Employment Law: Injury to Employee: ADA, FMLA, Workers Compensation and How They Work
Submitted by Scholz, Loos, Palmer, Siebers, and Duesterhaus
Many businesses have had the experience of an employee being injured on the job. The employee comes back to work on light duty; or the employee is injured at home and now comes back to work but with restrictions. In either case, the employer has to make hard choices. Our focus here is how do you handle the work related injured employee when they return to work.
ADA (and its Amendments), FMLA and State Workers Compensation Laws (especially anti-retaliation laws), with all their sometimes competing interest, have to be addressed. Some commentators call this the “Devil’s Triangle”. I call it “The Dilemma”. Workers compensation insurers want employees back to work ASAP, because the quicker an employee returns to work, the more likely the employee will recover in full – plus it reduces temporary total disability (TTD) cost and usually brings the claim to conclusion. In theory, that saves everyone money, including the employee. But if the employee can’t do the job, ADA (if an employer has more than 15 employees) may apply depending upon the nature of the restrictions. Meanwhile, during all of this time frame, FMLA may also apply, (assuming the employer has 50 or more employees) requiring employer to comply with its specific requirements. If FMLA hasn’t been started, the employer may have a problem down the line if there is another injury or reinjury and the 12 weeks have not been activated under FMLA with the first injury.
If you bring an employee back too soon, they might get reinjured – not good for them nor for the employer. If you bring them back and make a job just for them, that sets a bad precedent, plus employers are paying employees for doing less than a full job, which no one gains from – and results in bad moral – bad job psychology, etc. What can be done? There are a few rules of thumb that can help along this somewhat treacherous path:
• Have good job descriptions so that one knows how to craft a light duty policy for workers compensation cases only.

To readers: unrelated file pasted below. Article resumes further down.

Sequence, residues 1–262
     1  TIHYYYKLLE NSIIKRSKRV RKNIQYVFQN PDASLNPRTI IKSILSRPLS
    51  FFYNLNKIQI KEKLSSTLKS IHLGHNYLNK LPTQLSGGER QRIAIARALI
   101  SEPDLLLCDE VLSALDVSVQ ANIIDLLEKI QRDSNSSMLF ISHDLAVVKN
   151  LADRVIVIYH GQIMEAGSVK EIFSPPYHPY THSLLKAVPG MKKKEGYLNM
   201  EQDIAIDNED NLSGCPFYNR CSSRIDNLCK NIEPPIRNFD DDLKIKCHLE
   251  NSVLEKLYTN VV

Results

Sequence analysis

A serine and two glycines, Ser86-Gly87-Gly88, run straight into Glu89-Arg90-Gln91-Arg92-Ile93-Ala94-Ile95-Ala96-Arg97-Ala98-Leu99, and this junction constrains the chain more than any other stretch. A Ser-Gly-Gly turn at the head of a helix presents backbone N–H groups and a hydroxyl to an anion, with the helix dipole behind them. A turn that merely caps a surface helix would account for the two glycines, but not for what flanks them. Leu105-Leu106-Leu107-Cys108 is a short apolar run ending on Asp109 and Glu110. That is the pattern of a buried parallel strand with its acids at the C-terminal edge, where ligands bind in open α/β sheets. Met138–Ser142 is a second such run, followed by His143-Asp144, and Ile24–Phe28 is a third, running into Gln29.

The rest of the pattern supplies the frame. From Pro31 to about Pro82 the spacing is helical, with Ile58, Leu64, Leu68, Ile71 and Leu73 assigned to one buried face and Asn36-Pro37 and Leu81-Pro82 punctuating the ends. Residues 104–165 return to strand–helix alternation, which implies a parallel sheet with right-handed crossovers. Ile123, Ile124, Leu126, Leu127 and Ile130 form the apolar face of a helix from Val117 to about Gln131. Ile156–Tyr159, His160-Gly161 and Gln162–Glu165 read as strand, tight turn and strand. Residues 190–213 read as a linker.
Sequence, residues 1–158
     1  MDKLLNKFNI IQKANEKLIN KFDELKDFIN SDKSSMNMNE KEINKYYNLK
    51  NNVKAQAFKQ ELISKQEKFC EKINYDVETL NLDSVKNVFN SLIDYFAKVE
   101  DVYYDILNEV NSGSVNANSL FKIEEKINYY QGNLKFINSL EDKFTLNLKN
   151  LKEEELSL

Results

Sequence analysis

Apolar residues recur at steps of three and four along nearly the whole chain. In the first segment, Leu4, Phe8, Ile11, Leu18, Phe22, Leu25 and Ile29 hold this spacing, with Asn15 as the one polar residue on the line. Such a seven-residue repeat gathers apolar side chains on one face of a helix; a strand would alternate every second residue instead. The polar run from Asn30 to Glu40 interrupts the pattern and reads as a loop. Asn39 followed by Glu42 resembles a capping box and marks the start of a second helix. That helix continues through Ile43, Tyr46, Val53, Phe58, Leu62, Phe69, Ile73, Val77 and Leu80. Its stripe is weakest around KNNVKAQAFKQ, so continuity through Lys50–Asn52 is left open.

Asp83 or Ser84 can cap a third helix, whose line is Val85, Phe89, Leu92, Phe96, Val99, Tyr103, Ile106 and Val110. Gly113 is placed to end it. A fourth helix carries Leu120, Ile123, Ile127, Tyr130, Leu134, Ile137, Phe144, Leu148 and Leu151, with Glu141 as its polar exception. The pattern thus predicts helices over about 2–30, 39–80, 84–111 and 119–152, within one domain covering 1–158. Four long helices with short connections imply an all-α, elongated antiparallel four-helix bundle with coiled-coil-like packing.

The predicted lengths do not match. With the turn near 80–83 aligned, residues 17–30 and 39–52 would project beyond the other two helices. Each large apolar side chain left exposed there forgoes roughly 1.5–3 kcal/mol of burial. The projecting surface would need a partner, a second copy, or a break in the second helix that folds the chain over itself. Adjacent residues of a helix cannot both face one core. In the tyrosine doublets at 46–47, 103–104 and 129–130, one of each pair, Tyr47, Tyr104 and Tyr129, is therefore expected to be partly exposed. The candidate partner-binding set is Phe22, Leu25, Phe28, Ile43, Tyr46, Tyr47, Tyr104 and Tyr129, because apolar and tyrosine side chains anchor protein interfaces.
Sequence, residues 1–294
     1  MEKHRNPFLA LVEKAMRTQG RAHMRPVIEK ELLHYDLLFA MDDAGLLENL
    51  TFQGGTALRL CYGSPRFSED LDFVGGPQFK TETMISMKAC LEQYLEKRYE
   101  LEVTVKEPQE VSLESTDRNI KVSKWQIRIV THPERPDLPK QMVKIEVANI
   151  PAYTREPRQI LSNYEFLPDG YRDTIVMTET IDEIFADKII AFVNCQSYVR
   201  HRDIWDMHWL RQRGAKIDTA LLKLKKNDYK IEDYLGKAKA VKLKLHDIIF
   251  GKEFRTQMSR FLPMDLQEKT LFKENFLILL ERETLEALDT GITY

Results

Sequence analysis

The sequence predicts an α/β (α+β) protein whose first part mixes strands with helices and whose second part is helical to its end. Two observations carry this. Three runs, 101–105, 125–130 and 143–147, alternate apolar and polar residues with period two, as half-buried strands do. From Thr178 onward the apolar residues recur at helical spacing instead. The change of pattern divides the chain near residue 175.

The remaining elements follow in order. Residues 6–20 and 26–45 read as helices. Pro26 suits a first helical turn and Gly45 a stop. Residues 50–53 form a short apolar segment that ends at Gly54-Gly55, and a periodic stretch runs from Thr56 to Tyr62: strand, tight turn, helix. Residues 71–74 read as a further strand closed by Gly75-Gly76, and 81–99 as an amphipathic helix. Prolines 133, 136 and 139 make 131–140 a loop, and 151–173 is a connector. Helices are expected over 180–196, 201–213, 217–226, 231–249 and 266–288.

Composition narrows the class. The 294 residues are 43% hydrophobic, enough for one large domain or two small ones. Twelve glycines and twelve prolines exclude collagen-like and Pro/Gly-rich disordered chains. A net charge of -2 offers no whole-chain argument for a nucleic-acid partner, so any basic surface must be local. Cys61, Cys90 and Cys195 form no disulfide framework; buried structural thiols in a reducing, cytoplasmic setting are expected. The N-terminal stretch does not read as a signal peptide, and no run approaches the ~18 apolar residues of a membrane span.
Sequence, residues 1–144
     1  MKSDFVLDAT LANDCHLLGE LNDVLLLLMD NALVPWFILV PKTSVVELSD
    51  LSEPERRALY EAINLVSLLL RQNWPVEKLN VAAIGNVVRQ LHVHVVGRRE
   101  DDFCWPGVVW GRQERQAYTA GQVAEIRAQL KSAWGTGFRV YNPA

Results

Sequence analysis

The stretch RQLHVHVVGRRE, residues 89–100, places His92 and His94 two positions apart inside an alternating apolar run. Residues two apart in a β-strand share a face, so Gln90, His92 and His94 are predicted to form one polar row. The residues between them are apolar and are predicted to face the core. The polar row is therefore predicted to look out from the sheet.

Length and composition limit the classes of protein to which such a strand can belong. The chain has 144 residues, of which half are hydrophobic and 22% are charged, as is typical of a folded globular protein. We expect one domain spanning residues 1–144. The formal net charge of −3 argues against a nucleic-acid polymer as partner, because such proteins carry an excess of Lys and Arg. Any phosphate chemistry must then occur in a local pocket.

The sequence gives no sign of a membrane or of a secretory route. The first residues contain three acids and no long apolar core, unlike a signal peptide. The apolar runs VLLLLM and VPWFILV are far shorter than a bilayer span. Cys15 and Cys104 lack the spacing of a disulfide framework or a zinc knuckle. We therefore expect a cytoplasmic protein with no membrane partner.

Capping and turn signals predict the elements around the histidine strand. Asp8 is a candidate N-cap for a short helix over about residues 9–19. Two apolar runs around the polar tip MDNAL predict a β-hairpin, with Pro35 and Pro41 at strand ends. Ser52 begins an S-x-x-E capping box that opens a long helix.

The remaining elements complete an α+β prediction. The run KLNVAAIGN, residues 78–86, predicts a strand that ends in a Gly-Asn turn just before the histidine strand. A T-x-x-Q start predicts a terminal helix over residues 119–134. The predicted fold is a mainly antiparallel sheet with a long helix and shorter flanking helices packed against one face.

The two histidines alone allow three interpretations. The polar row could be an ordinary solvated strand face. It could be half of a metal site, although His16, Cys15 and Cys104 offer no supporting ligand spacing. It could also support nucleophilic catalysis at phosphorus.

• Have an ADA Policy and plan that interfaces with job descriptions to be used for those employees with work related injuries and other employees who are returned to work after recovering from non-work related injuries.
• Make sure that FMLA Notices are sent out in a timely fashion by the appropriate department. When an employee has suffered a work related injury that will keep them off work long enough to collect TTD (more than 3 days in Illinois), an employer should consider sending out the FMLA Notice to the employee.
• If employees come back to work on Temporary Partial Disability make sure the employer can also treat the time off from work as intermittent leave under FMLA for the benefit of both employee and employer.
• If an employee reaches MMI and still has restrictions, the employer has to deal with ADA. If the employer doesn’t address these issues correctly, they may be dealing with a potential workers compensation retaliation claim or an ADA discrimination claim. ADA allows you to determine whether the injuries which caused limitation can be reasonably accommodated. If they cannot and the MMI situation is a permanent limitation, then the employer can terminate an employee who cannot perform the essential functions of the job with or without reasonable accommodations. That is why that job description is so important. It gives you parameters for accommodation. The description should set forth what all those job functions are – and I mean ALL functions.
• Don’t fire an employee merely because they have filed a workers compensation claim and can’t do the job now. That is retaliation. You have to put them through the ADA test.
• Have a central clearing department (usually human resources) to handle communications between the workers compensation department and/or insurer, payroll and benefits (who usually deals with FMLA) risk management and managers who usually deal with getting the employee back to work and addressing the issues concerning how the injury occurred. Create a team approach, between those departments.
• Last but not least, keep your employee informed – answer their questions. In a workers compensation area, if they are represented, do not discuss the case with them.
In conclusion, the point I want to make here is that much of this depends upon common sense in having a plan to make sure the employer is complying with the applicable laws.
James L. Palmer
Scholz, Loos, Palmer, Siebers & Duesterhaus LLP (“SLPSD”) Employment/Labor Law Group specializes in employer representation. We have over 50 years of combined experience in this area. We deal with general state and federal employment and labor laws, including FLSA, FMLA, ADA, Wage and Hour, and general personnel issues, including discharge, discipline, union negotiations and grievances. We also handle independent internal investigations, compliance with state and federal laws, and have experience in representing management in mediations and arbitrations. The Group consists of James L. Palmer, Joseph A. Duesterhaus and Jennifer A. Winking. Please refer to our website at www.slpsd.com for detailed biographies of each attorney. SLPSD Employment/Labor Law Group is ready, willing and able to handle your business needs.